The Grandma Facetime Paradox

I’ve been informed that it’s an aggressively playful vibe at (an NYC Website). Like a middle-school fraternity house only with employees riding hoverboards while others wield Nerf dart guns or use a megaphone for announcements.

28 year old Chief Executive Chris Altchek is proud of their freewheeling office culture. “It helps us to have everyone speak out and best ideas rise to the top,” he said. “What that can feel like or sound like is rudeness. But I’d rather have a lot of people speaking their minds than a very controlled environment.”

A great point, one that is often lost in corporations. Ok, maybe not lost; let’s say structured, refined, reformed, reviewed and sent to the board for approval of how the staff in a workplace “should” act. However, the board also voted on how to promote a positive work environment and synergy. That should make everything better, right?

Grandma facebook facetime management

For years, employers have been aware of employee engagement and retention issues in their workplaces. These organizations typically address engagement for the organization under one policy, without any differentiation for the generational gaps of employees. As the millennial generation (deemed 1982 – 2000) grows in the workforce, managers and human resources professionals will need to develop new engagement and management models that take into account the generational differences. It’s like giving your grandmother an iPhone for Christmas and asking them to Facetime. In other words, the Grandma Factime Paradox.

The paradox suffers from the generational ideologies of changing the world. Like many of my peers, in graduate school, I would discuss (in androgynous depth) about the frailty of the US economy, what should have happened in the financial crisis and why teleportation is not an effective way to travel. I know what you are thinking and the answer is yes, I am aware that Leonard Susskind’s theories outweigh Hawking in a nanosecond. Back to the present (no pun intended).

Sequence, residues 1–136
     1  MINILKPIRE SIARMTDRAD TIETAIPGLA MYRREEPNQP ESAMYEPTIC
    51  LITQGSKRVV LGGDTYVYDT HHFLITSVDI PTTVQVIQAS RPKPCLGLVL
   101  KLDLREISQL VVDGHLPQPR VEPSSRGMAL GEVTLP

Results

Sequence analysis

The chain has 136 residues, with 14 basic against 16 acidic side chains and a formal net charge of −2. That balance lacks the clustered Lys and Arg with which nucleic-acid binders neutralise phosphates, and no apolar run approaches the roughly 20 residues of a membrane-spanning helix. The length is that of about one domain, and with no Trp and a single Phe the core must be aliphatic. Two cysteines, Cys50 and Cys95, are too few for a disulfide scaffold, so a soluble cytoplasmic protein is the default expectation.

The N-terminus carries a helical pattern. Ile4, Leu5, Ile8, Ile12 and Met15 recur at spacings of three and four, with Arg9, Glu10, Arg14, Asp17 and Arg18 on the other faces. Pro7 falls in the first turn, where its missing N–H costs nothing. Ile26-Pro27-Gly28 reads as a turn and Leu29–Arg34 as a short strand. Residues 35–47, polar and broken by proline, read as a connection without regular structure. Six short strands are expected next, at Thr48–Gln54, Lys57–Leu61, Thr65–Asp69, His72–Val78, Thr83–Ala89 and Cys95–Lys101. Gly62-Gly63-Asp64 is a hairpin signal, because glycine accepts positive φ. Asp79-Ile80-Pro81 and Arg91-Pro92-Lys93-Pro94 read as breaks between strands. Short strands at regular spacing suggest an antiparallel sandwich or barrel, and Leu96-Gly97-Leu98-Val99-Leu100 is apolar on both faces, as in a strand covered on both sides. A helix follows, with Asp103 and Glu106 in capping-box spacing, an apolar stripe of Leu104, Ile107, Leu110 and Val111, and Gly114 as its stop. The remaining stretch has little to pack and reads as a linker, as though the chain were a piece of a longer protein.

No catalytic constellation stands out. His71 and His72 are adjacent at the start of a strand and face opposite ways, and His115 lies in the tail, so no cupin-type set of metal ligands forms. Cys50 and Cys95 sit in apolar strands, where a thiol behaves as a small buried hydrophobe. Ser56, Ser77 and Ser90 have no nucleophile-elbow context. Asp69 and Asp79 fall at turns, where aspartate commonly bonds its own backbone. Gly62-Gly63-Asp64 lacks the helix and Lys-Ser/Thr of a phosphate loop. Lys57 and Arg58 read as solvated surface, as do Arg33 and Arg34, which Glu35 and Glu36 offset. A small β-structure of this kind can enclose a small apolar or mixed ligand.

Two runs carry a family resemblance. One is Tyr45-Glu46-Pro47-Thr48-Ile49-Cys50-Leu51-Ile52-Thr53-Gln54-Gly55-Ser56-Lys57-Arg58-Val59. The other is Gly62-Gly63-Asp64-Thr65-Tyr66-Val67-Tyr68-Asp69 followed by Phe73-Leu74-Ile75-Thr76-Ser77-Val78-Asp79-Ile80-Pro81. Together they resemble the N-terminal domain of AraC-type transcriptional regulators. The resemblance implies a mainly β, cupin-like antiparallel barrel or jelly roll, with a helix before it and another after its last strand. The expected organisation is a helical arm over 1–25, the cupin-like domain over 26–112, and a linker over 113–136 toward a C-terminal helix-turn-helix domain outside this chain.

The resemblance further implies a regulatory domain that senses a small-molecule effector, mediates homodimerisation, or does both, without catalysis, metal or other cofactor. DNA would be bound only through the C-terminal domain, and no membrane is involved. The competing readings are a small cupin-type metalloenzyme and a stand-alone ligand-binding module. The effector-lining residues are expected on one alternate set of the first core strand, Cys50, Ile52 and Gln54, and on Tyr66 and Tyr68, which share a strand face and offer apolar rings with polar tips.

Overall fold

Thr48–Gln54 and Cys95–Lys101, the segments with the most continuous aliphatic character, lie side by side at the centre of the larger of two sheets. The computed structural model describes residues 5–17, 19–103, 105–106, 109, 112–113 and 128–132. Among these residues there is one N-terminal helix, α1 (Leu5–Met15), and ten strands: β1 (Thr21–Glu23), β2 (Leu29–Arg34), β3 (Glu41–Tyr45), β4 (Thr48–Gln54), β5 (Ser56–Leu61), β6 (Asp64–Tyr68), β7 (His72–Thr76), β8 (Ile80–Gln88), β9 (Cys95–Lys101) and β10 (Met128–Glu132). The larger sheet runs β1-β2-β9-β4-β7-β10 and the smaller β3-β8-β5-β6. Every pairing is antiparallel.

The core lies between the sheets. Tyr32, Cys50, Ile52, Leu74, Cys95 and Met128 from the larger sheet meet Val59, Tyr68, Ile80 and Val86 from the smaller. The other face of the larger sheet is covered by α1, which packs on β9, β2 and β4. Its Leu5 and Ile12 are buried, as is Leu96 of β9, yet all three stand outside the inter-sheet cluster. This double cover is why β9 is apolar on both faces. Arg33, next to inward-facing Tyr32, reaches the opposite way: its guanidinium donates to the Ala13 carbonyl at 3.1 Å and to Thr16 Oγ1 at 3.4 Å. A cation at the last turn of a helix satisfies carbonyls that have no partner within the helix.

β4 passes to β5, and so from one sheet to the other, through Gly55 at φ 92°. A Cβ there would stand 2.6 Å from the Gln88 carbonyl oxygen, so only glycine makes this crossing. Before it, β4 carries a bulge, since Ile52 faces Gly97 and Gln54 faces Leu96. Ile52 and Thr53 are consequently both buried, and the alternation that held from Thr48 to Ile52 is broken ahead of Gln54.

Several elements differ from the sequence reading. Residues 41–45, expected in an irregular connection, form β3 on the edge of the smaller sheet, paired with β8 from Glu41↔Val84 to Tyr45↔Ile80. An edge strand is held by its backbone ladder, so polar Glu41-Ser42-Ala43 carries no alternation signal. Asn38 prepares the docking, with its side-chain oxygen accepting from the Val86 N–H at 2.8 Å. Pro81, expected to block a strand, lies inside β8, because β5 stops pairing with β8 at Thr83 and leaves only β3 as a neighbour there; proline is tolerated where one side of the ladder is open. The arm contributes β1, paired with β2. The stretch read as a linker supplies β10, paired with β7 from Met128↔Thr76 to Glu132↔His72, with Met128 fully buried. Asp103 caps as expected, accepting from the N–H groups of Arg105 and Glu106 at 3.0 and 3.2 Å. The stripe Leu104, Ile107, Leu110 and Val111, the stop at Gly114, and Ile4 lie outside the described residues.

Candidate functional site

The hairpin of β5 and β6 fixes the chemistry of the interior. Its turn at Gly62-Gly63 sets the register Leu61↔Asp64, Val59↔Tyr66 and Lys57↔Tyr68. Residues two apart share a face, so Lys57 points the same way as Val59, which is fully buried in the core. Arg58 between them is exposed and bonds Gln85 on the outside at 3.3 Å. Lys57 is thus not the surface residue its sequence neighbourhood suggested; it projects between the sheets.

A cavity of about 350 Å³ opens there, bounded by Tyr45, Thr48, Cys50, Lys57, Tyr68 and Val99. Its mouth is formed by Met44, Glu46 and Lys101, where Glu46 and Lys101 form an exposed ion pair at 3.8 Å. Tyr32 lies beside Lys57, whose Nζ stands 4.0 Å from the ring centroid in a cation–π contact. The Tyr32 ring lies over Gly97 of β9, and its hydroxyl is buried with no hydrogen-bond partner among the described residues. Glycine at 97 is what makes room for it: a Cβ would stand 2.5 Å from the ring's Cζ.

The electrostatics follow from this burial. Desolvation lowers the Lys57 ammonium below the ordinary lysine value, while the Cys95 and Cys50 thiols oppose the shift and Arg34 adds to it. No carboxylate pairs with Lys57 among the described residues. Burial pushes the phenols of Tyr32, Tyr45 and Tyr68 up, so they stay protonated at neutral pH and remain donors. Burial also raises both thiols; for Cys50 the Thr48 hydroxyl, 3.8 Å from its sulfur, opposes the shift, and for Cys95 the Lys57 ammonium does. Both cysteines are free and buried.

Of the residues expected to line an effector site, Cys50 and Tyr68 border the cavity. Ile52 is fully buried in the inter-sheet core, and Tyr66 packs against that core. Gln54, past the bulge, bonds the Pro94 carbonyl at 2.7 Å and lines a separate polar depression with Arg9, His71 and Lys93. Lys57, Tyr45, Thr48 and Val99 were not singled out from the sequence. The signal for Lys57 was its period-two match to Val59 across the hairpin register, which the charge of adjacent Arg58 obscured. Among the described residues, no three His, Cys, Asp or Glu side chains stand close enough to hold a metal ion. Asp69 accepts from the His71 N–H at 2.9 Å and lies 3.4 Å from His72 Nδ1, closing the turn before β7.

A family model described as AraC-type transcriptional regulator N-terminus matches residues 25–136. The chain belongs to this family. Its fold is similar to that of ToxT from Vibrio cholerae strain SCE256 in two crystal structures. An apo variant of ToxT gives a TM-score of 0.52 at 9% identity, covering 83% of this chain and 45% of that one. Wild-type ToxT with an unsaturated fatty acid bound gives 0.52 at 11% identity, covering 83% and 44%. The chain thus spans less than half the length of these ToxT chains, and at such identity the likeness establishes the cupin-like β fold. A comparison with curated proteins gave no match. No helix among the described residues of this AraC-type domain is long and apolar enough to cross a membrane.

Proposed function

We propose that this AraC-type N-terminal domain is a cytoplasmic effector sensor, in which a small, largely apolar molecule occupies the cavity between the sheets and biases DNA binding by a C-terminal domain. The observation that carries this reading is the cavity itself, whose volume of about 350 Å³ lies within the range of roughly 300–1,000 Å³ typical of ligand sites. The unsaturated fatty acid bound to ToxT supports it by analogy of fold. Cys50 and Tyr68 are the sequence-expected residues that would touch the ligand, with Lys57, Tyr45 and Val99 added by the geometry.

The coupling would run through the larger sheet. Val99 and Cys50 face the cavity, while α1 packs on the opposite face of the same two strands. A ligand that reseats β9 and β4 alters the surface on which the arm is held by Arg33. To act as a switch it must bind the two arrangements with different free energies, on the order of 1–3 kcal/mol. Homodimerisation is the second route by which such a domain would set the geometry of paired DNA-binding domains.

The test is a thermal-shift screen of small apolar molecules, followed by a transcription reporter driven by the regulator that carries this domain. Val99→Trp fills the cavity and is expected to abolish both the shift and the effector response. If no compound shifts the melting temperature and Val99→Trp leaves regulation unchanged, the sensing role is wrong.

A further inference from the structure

Millennials are soon to be the largest generation of active workers. However, research has shown that the baby boomers still control the workplace (ie as managers and directors, etc.). They grew up in organizations with large corporate hierarchies, rather than in flat management structures and teamwork-based job roles. In short, they claw their way to the top and stay there until they have an opportunity to retire and then find a way to enjoy life. Sounds like fun, aside from lacking any hobbies for 30+ years whilst climbing the corporate ladder.

At a young age, I enrolled in military school. My stepfather “encouraged” me to go for a summer to the Royal Military College. Albeit, a shy, timid 14-year-old at the RMC wasn’t exactly a “normal” summer vacation for a middle school suburbanite. That was the summer that shaped my life and, ironically, my career. I had a Commanding Officer (CO) who embarked some very profound wisdom unto me. He said, “some people are born leaders; others have to work hard to become a mentor. One thing never changes. You always have two options in life; you can either teach others to leave, or you can inspire them to stay.”


Everyone always discusses the concept of leading by example, which to a point is very accurate. No one ever discusses the idea of helping your staff leave their job. Who does that? However, this is a millennial’s newfound mindset.

Millennials have a drastically different outlook on what they expect from their employment experience. Millennials are well educated, skilled in technology, very self-confident, able to multi-task and have plenty of energy. They have high expectations for themselves and prefer to work in teams rather than as individuals. In short, they want to change the world, and they don’t want to do it alone.

We seek challenges, yet work-life balance is of the utmost importance to us just in case an art crawl or jazz festival is within the foreseeable future. It is true, we love social interaction and expect immediate results from our hard work. We yearn for an accelerated advancement in our career and “get down” on ourselves if we don’t see change quickly enough. Our aspirations and timelines do not align, albeit, most of my alumni colleagues have been fast-tracked into leadership programs and management training curriculums right out of college. So there is something that we possess that many others can see.